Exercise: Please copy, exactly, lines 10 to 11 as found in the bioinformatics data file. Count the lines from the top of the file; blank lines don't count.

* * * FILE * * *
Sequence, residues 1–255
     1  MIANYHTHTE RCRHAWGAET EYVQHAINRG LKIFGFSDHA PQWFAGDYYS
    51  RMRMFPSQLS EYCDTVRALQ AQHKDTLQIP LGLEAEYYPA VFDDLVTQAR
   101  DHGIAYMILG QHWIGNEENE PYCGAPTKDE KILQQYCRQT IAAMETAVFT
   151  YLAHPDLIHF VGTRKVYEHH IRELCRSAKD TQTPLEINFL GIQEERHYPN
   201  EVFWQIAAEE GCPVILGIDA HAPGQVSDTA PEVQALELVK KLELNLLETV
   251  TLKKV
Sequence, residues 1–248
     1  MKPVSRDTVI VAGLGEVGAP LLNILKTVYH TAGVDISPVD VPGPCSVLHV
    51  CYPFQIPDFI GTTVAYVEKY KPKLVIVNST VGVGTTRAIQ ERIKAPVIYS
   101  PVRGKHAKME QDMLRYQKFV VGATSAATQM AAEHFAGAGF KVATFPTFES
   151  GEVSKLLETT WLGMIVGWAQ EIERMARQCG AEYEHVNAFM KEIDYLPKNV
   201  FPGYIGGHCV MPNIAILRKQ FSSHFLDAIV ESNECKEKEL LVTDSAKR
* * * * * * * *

    51  CYPFQIPDFI GTTVAYVEKY KPKLVIVNST VGVGTTRAIQ ERIKAPVIYS
   101  PVRGKHAKME QDMLRYQKFV VGATSAATQM AAEHFAGAGF KVATFPTFES